Social Computing in the Enterprise: New Tools Help Organizations Gain the Value of Powerful 2.0 Technologies

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Best practices help organizations balance Web 2.0 benefits such as engaging Web experiences, increased brand loyalty, and improved employee collaboration with compliance and legal requirements. Consequently, organizations are using new technology to take their use of the Web to a whole new level.

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This isn't just a shift in technology, it's a cultural shift and large organizations need to adapt. We think they can make the shift, with the right strategy and the right preparation, and be far better off in the long run.

Open Text™ Corporation (NASDAQ: OTEX, TSX: OTC), a global leader in enterprise content management (ECM), today announced a set of best practices that can help organizations adopt blogs, wikis, social networks and other "2.0" technologies to create deeper connections with customers and partners, and improve employee collaboration and productivity.

The popularity of social computing tools and websites, such as LinkedIn, Facebook and YouTube, among consumers is already having a major impact in the workplace. Organizations are struggling to understand the technologies and how they can add value, as well as the potential compliance and legal risks. According to Open Text Executive Vice President Bill Forquer, the toughest first step for many organizations is to overcome initial fears and embrace the new technologies. Open Text recently released a podcast on the 2.0 challenges facing organizations.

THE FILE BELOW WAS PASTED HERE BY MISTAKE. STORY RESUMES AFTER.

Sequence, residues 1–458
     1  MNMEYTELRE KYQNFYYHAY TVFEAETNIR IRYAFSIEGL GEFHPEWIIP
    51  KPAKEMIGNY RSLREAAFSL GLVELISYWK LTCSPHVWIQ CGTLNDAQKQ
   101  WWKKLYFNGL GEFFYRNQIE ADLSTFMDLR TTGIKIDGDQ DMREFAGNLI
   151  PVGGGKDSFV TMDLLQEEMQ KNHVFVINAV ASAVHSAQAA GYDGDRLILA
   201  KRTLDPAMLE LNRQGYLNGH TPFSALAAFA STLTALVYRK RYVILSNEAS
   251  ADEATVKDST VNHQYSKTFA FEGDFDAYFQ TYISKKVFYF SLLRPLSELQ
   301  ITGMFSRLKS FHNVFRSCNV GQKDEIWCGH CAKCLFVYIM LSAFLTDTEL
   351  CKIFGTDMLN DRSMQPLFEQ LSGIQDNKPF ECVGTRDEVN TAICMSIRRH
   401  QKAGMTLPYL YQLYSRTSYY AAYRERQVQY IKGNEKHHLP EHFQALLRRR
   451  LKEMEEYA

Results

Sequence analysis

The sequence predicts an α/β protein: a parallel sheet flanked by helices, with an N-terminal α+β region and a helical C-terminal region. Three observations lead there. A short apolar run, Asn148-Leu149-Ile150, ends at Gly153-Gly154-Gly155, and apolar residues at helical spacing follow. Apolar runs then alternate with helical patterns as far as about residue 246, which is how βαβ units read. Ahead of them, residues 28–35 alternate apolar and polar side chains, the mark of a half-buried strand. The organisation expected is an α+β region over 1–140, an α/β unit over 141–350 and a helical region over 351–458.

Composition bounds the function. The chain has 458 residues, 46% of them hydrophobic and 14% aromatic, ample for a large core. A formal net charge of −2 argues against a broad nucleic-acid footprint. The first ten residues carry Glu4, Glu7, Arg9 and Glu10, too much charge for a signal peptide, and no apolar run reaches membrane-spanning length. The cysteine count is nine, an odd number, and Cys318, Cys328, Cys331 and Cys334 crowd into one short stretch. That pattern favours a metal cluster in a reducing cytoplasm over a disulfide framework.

"The handwriting is on the Facebook wall: Organizations are hiring a new generation of workers with a different online work style that has its roots in the Web 2.0 tools young consumers use everyday," said Forquer. "This isn't just a shift in technology, it's a cultural shift and large organizations need to adapt. We think they can make the shift, with the right strategy and the right preparation, and be far better off in the long run."

The benefits businesses can gain are enormous. Companies are already using the technology to create internal and external web sites with engaging personalized experiences that can improve brand loyalty and interaction, advance customer and partner connections, and recruit and retain talent. This is critically important in a competitive global business landscape increasingly dominated by customer choice. Additionally, organizations can create a whole new way for employees to collaborate with each other. This is especially important today as organizations become more global and decentralized. Day-to-day work in most large companies depends on project teams that are scattered around the globe, with employees who can work from almost anywhere. The growing demands to increase productivity and improve the rate of innovation require a new approach to work that fits the 2.0 model.

According to Forquer, best practices companies should follow in considering their 2.0 strategies include:

Have An ECM Strategy: Consider the strategic value content plays in your organization. Are you treating content as a strategic imperative in the same manner as other business-critical systems. A well-thought out ECM strategy provides the required foundation for any 2.0 initiative.

Avoid Content Silos: Don't create an additional silo of 2.0 content. Rather, manage 2.0 content alongside all other forms of content in the organization. This will avoid the mistakes made with email in the 90s, when many organizations treated email as special content outside their ECM strategy. Consequently, email repositories in many organizations are unmanaged and a source of unquantifiable risk.

Define Inward vs. Outward Initiatives: A 2.0 initiative looks inward at employees, or outward at customers and partners. Both have phenomenal potential. Be explicit with your desired business goals and align your 2.0 initiative accordingly.